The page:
1. US ARMS EXPORTS AFTER 9/11

U.S. Arms Exports and Military Assistance in the “Global War on Terror”
06.09.07. Center for Defense Information. CDI’s ongoing research continues to document some troubling trends. Using U.S. government data, CDI has documented that, in the five years after Sept. 11, total U.S. arms sales (Foreign Military Sales and Direct Commercial Sales ) to these 25 countries were worth four times more than those concluded in the five years prior to Sept. 11, and these countries received 18 times more total U.S. military assistance (Foreign Military Financing and International Military Education and Training) after Sept. 11 than before. Furthermore, 72 percent of the countries in this series received more military assistance and 64 percent conducted more arms sales with the United States during the five years after Sept. 11 than during the entire period between the end of the Cold War and Sept. 11 (FY 90-01). .. the United States has increased sales to new post Sept. 11 allies and has made several large and potentially troublesome arms deals, including a multi-billion dollar sale of F-16 fighter jets to Pakistan.. Total Direct Commercial Sales in the five years after Sept. 11 totaled roughly $66 billion more than in the five years prior, an 11-fold increase. .. Just as the United States is using arms sales as a reward to its allies in the “war on terror,” military assistance programs have also increased since Sept. 11. Includes pdf report on case studies for following countries: South CaucasusArmeniaAzerbaijanGeorgiaSouth Asia: IndiaNepalPakistanSoutheast Asia: IndonesiaPhilippinesThailandMiddle East: BahrainOmanYemen Central Asia: KazakhstanKyrgyzstanTajikistanTurkmenistanUzbekistanAfrica: AlgeriaChadMaliMauritaniaNigerDjiboutiEthiopiaKenya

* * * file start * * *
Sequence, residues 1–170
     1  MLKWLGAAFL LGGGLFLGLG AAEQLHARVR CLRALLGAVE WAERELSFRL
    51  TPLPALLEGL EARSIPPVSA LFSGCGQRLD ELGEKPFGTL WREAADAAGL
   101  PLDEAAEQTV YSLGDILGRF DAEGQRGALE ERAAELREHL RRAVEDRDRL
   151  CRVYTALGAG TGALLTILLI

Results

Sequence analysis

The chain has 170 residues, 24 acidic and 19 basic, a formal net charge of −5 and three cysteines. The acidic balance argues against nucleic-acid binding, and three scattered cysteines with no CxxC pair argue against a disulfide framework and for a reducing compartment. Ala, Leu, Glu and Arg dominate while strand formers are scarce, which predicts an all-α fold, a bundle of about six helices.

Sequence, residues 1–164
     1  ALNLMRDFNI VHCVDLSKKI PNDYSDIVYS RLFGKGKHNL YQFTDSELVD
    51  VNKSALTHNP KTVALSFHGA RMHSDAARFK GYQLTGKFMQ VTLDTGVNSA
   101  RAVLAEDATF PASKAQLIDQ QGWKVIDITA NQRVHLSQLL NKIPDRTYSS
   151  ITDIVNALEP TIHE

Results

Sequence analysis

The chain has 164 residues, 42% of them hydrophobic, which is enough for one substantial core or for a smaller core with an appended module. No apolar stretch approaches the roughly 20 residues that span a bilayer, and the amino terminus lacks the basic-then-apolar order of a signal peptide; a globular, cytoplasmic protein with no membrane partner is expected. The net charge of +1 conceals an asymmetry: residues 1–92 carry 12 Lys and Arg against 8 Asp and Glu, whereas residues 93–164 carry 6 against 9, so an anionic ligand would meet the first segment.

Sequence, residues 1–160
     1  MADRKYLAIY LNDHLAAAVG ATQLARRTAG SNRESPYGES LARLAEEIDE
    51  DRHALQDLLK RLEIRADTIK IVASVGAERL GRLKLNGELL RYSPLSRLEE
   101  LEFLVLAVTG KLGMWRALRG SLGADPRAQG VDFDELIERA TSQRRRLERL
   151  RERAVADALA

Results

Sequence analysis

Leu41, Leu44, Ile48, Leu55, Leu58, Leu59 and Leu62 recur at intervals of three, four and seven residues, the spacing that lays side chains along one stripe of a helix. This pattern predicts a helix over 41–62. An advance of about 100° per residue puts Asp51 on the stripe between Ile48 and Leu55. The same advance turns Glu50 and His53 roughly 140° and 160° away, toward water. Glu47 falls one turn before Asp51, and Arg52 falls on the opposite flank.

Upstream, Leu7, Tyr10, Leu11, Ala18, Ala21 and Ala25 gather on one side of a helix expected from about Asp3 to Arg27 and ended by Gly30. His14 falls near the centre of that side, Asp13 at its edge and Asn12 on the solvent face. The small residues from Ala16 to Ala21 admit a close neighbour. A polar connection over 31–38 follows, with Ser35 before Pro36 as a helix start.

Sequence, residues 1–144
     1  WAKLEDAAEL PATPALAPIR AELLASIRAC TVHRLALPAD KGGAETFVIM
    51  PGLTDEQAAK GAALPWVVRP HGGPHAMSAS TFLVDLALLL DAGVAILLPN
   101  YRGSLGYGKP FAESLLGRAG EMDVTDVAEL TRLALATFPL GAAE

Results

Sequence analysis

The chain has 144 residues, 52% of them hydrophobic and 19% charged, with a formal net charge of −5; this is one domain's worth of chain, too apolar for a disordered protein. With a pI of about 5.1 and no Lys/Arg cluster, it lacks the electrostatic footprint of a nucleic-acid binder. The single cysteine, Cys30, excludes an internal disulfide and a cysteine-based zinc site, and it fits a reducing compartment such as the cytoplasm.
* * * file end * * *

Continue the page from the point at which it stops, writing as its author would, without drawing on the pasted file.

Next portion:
2. WHO IS PUSHING THE TERROR BUTTON?
NUCLEAR EGYPT

Egypt to Build Nuclear Plants
29.10.07. Washington Post. Egypt’s president announced plans Monday to build several nuclear power plants _ the latest in a string of ambitious such proposals from moderate Arab countries. The United States immediately welcomed the plan, in a sharp contrast to what it called nuclear “cheating” by Iran.

NUCLEAR INDIA

Nuclear Agreement With US Rips India Apart
27.09.07. Pierre Prakkash, Liberation / Truthout. how the civilian nuclear agreement the Indian government has negotiated with the US may bring about the government’s dissolution.

Nuclear Deal With India May Be Near Collapse